The coronavirus pandemic and subsequent sell-off in equities dealt a serious blow to many companies listed in the FTSE 100. Fast-forward a few months and some are struggling to recover while others are flying high. Given the current market conditions, it can appear a difficult task for would-be investors to pick out the best FTSE 100 shares to buy today. With that in mind, here are two of my top picks after the 2020 stock market crash.
Tech-focused online supermarket
Online grocery retailer Ocado (LSE: OCDO) was the best-performing FTSE 100 stock in the first quarter of 2020. The company’s share price is up 57% since the beginning of the year, far outperforming many other firms listed in the index. But is the company worthy of being classified as one of the best FTSE 100 shares out there?
Explaining Ocado’s share price success isn’t rocket science. The online retailer has profited immensely from surging demand and shifting supermarket trends over the period of the global pandemic. Additionally, as a consumer staple, its products are constantly in demand, come what may.
However, what differentiates Ocado from other supermarkets is its technology-driven focus. To illustrate, the company’s operating warehouses are decked out with state-of-the-art robotics that have thus far transformed the industry. What’s more, its tech division is a leading designer and supplier to other retailers worldwide.
Yesterday’s half-year results announcement was full to the brim with yet more positive news. Group revenue grew 23% to reach just over £1bn, with retail revenue up by 27%. The report detailed a strong balance sheet and gave evidence of more investment into the technology side of the business.
In my view, Ocado shares are a strong long-term play. I reckon investors could profit tidily through a combination of share price appreciation and dividend payments.
Defence and aerospace titan
Unlike Ocado, the BAE Systems (LSE: BA.) share price isn’t in positive territory for the year. After a 34% plunge in the depths of the sell-off, the company’s valuation is still down 18% since the beginning of 2020. Nevertheless, I’m confident that the company has a bright future outlook that could reward investors considerably over the coming years.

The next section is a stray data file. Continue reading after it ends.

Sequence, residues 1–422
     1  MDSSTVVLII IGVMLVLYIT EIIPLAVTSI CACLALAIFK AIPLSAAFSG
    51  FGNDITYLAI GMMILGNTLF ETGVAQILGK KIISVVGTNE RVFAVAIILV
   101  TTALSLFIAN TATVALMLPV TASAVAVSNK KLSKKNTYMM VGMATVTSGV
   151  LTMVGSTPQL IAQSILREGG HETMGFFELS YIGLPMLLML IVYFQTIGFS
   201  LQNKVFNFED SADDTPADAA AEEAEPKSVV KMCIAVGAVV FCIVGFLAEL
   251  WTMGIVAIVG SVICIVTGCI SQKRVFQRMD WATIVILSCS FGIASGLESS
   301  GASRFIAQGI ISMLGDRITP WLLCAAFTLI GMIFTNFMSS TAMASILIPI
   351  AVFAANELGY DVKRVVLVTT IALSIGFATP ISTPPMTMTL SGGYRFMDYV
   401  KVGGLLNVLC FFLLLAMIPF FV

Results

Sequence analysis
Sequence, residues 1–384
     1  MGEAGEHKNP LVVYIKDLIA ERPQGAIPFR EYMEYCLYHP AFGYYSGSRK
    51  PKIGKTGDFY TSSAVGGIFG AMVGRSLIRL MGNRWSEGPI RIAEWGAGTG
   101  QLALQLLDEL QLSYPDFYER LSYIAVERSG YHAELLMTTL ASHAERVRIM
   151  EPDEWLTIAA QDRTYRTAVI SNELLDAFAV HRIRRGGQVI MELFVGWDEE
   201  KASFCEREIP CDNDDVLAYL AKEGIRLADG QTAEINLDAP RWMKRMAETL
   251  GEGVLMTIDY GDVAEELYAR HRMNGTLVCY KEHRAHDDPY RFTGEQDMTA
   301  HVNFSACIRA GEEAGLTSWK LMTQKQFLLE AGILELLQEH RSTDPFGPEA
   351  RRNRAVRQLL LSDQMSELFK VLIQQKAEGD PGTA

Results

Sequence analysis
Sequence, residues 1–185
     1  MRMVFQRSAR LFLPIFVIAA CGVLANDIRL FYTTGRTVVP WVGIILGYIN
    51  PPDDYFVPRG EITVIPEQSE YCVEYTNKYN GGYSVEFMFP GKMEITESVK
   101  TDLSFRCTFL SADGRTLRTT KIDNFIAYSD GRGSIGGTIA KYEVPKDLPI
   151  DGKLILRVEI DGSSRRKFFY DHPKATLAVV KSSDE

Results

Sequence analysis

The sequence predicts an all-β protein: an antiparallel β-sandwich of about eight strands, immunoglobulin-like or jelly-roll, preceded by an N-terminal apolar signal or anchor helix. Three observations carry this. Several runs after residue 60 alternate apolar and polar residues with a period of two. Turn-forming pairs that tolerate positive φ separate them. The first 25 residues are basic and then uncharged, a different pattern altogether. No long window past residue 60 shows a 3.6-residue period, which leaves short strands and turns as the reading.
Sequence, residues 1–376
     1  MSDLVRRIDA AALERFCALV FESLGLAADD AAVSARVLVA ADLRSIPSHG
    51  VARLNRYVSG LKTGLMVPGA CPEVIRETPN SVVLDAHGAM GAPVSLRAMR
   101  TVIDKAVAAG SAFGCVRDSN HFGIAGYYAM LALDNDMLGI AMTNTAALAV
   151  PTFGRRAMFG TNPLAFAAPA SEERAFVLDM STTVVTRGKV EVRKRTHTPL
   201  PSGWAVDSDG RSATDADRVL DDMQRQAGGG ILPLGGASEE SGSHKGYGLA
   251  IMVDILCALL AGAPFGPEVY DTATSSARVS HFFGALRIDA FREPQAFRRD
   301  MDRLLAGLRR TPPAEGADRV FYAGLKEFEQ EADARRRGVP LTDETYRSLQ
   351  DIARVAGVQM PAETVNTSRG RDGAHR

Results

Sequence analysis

The defence and aerospace specialist is a key supplier to major governments around the world. In fact, the company boasts a leading market position in the US, UK, Saudi Arabia, and Australia. On top of this, BAE is working to establish itself in numerous other international markets.
With current geopolitical uncertainties not appearing to subside anytime soon, defence spending should remain a top priority for many of the governments that BAE have contracts with. Evidently, this stands the company in good stead moving forward.
Despite analysts’ expectations that earnings will falter in the first half of 2020, management states that “demand for our capabilities remains high with order intake in line with our original expectations for the year”.
With a forward-looking price-to-earnings ratio of just 10.4, the shares appear undervalued in my eyes. Consequently, I reckon BAE shares are a wise long-term investment that could deliver attractive returns in the years to come.
Matthew Dumigan has no position in any of the shares mentioned. The Motley Fool UK has no position in any of the shares mentioned. Views expressed on the companies mentioned in this article are those of the writer and therefore may differ from the official recommendations we make in our subscription services such as Share Advisor, Hidden Winners and Pro. Here at The Motley Fool we believe that considering a diverse range of insights makes us better investors.